KEENE — A children’s dentist known as “Dr. Wully” is being accused of overusing nitrous oxide, hurting his patients by putting them in restraining devices, and performing unnecessary dental work.
Blake Wullbrandt, who has an office in Keene and also serves patients in Peterborough, Claremont, and Brattleboro, Vt., is now facing a disciplinary hearing in November before the New Hampshire Board of Dental Examiners.
According to the letter to board sent to Wullbrandt, it was first alerted to the problems in March when it learned he was being investigated by the New Hampshire Department of Justice’s Medicaid Fraud Control Unit. A short time later, the board heard from a former employee about the restraints, nitrous oxide, and unnecessary dental work, the letter states.
The employee told the board that Wullbrandt was physically and mentally harming his patients through the use of restraints and rough treatment, and did not get clear consent before using the restraints.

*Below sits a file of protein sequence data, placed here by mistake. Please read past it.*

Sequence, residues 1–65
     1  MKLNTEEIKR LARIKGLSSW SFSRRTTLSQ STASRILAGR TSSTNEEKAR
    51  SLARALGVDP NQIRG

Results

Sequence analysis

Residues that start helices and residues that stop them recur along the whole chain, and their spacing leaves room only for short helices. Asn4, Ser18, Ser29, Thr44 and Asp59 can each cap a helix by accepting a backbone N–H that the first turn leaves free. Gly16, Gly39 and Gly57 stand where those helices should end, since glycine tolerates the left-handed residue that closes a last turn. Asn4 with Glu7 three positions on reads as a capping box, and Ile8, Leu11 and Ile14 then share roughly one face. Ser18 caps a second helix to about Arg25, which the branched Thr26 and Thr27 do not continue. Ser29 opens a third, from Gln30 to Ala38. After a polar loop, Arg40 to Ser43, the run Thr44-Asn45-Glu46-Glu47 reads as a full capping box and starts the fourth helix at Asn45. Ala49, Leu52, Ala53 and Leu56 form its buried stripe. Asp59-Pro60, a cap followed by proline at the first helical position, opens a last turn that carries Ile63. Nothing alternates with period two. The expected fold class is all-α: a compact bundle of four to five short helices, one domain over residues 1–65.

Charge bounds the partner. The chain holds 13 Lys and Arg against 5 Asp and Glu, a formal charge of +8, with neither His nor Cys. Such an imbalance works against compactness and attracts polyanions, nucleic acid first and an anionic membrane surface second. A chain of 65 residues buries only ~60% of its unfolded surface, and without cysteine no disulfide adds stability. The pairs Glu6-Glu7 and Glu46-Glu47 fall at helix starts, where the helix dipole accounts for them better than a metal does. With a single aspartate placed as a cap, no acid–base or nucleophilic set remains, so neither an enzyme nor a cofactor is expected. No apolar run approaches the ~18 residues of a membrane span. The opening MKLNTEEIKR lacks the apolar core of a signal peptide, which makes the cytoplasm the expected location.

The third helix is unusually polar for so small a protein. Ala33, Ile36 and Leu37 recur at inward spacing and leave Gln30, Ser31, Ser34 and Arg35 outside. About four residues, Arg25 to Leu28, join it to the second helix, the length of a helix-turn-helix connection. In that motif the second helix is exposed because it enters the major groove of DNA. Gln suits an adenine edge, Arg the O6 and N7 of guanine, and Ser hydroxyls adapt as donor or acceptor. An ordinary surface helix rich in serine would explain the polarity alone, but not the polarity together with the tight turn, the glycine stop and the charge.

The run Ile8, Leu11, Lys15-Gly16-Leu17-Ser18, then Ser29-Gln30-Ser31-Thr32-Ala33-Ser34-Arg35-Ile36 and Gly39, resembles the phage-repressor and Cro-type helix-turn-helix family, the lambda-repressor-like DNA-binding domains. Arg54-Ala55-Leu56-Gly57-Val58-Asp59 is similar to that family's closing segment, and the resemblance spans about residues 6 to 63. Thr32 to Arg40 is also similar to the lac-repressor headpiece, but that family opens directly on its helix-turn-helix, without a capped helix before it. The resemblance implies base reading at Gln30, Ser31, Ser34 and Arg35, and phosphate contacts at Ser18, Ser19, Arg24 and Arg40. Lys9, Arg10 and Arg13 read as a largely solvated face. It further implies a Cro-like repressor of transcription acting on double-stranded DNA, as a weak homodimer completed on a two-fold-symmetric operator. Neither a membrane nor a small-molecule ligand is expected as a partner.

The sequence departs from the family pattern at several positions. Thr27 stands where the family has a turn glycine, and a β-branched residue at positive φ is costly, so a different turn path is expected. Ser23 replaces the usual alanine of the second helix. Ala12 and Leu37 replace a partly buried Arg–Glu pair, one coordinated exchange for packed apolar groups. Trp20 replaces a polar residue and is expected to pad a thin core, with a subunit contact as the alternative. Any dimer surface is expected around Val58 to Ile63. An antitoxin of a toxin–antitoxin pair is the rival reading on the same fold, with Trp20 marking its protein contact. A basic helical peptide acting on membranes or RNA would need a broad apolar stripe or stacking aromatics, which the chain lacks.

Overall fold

The allegations go back to 2005 and include numerous patients, according to the letter. Wullbrandt regularly used laughing gas on two patients without specific reason for doing so, according to the letter.
He also used papoose boards and other restraints on several different patients, causing them harm, according to the letter. He is also alleged to have performed surgery using nitrous oxide and local anesthesia as the patients yelled and moved around, showing signs there were not properly anesthetized, the letter states. The Board’s letter states he also performed too many procedures on patients during their visits and that some of these procedures were unnecessary.
In 2017, Wullbrandt had his license suspended for one year by the board as part of a settlement agreement. According to state records, Wullbrandt admitted that he was impaired when he performed a dental procedure on a patient in 2015. This incident led to the patient being injured and requiring a root canal to fix the damage Wullbrandt caused, according to the settlement.
According to the settlement agreement, Wullbrandt told his staff he would go into rehab.
The agreement states that Wullbrandt began drinking again in 2017, and was stopped by his staff in July 2017 from practicing while impaired again. His conduct was reported, resulting in the suspension, according to the records.
The new hearing is set for Nov. 8 in Concord.